When frost accumulates on the evaporator, heat transfer'to air passing through is lessened which causes refrigerant flowing through the conduit 62 to decrease in temperature. The bimetal spring 68 senses the temperature decrease and contracts to move the needle valve 82 away from passage 84. The opening of passage 84 quickly reduces refrigerant pressure within the control chamber 112 which causes the piston 102 to move to the right in FIG. 1 which align ports 118 with grooves 122 in the valve. Hot refrigerant then flows from the compressor outlet through the conduit 96, inlet passage 98, grooves 122, ports 118, bypass 120 and conduit 60 into the evaporator 58. This raises the temperature of the evaporator for melting frost.

When the bimetal spring 68 senses the warmer temperature output from the evaporator the needle valve 82 blocks passage 84 and the piston moves to the left to block ports 1 18.

In automotive air conditioning systems, operation of the compressor 10 during cool ambient temperatures may produce a low refrigerant pressure within the evaporator corresponding to reduced temperatures. At evaporator pressures below approximately 30 psig, the temperature may fall below 32 F. and frost may form. The present defrost control valve will open under these temperature conditions to flood the evaporator with sufficient hot refrigerant to raise the evaporator temperature above 32 F. Once the temperature of refrigerant in the evaporator is above 32 F. and sensed by the bimetal operator, the supply of hot refrigerant is cut off. Subsequently, if the evaporator temperature again falls below 32 F. the valve may open again.

The housing 26 is provided with a fitting 124 which threadably engages bore 126 and includes a check valve 128. Fitting 124 is utilized to initially till the air conditioning system with refrigerant and may be used to recharge the system as needed. An O-ring seal 130 prevents refrigerant leakage between the fitting 124 and housing 26.

In FIG. 2, another embodiment of thecombination expansion valve and defrost control valve assembly 132 is illustrated. The assembly 132 includes a housing 134 similar to housing 24 in FIG. 1. Assembly 132 is identical to that shown in FIG. 1 except for the expansion valve portion 136 illustrated in the fragmentary view. The expansion valve includes a housing 138 threadably secured to the member 134 at 140 and is sealed by an O-ring 142. Conduit 18 is connected to the housing 138 by a threaded fitting (not shown) at 144. Member 138 includes a central bore 146 which forms a cavity or a chamber 148. A stationary valve member 150 is fixedly supported within the cavity 148 at 152. An O-ring 154 prevents fluid leakage around the valve member 150. Passages 156 extend from the inlet opening 157 to cavity 148 through the side of the valve member 150. A sleeve type valve member 158 encircles the stationary valve member 150 and is movable axially along it. The movement of the valve member 158 controls refrigerant flow through the passages 156. A cupshaped member 160 surrounding the end of member 150 is perforated by a plurality of ports 162 for refrigerant flow from the passages 156 into cavity 148. A coil spring 164 between the member 162 and the stationary member 150 normally maintains the sleeve valve 158 in a position blocking the passages 156.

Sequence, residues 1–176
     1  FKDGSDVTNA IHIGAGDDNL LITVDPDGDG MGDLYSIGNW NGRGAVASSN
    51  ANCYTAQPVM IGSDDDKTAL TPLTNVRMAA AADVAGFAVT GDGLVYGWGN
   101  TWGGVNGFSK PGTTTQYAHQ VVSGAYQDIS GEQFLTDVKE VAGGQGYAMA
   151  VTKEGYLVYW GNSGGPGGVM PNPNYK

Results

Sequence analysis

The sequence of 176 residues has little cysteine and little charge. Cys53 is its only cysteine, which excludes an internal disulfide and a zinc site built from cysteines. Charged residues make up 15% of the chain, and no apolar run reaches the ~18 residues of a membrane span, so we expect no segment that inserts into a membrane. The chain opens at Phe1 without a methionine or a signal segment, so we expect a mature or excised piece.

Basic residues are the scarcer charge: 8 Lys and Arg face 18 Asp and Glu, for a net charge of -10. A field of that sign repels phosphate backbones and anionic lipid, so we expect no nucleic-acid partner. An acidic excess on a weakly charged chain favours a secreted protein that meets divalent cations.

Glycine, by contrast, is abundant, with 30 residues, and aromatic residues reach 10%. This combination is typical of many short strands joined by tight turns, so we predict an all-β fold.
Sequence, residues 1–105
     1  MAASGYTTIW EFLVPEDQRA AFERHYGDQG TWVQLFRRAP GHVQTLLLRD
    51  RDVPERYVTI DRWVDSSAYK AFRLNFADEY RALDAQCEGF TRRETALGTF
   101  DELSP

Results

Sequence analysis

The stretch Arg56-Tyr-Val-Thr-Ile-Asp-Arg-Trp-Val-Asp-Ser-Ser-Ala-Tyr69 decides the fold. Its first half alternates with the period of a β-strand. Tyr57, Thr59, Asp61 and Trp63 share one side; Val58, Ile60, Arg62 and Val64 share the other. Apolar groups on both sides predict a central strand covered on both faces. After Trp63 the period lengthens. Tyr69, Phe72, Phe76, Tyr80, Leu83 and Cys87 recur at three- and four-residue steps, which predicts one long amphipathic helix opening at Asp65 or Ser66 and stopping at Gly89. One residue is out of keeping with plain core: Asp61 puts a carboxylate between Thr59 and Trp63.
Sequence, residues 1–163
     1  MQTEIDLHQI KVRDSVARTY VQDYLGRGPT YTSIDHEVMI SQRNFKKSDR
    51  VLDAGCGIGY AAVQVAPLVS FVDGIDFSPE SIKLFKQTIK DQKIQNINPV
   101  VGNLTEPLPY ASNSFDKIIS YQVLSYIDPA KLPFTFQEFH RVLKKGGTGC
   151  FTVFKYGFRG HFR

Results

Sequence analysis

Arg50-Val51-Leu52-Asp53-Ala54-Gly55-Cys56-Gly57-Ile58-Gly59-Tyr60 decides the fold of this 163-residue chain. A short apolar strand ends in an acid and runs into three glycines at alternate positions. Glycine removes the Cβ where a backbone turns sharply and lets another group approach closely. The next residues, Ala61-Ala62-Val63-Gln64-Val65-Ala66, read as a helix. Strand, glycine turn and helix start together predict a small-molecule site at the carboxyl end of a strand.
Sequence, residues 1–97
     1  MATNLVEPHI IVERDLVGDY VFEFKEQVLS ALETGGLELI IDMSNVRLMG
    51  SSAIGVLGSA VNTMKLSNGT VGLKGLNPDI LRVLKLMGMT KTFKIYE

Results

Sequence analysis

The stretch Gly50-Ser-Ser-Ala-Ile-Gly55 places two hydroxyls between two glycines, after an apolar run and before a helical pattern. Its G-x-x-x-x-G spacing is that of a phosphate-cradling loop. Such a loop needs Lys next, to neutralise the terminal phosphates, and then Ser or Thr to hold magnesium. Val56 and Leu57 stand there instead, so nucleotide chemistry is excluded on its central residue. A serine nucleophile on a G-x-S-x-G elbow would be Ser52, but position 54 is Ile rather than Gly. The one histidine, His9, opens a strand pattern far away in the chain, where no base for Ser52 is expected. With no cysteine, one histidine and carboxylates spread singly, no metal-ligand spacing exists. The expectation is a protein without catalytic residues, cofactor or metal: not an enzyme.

The sleeve valve 158 and member 160 are axially moved with respect to stationary member 150 by contraction and expansion of a sealed casing 166 with a bellows like configuration. The casing 166 includes a tubular thin-walled metal member 168 with corrugations formed in its side surface. End members 179 and 172 seal the casing interior 174. The end 172 is fixedly supported within the bore 146 by an expansion ring member 176 which has cut out portions around its periphery to permit refrigerant flow from passages 156 to an outlet port 155. The interior 174 of the casing 166 is evacuated so as to expand and contract in response to pressure changes within interior 148. A coil spring 178 extends between end members 170, 172 to normally maintain the casing 166 in an extended position. A valve pin 180 is molded in the end member 170 and extends toward the end member 172 which limit the contraction which the casing can experience. The other end of the valve pin 180 extends through a central portion of the cup-shaped member 160 to move the member 160 and sleeve valve 158 axially over the stationary valve member 150 as the sealed casing 166 expands. The casing 166 expands when the refrigerant pressure within the cavity 148 decreases and contracts when the pressure increases. This permits spring 164 to move the sleeve valve 158 to close passages 156.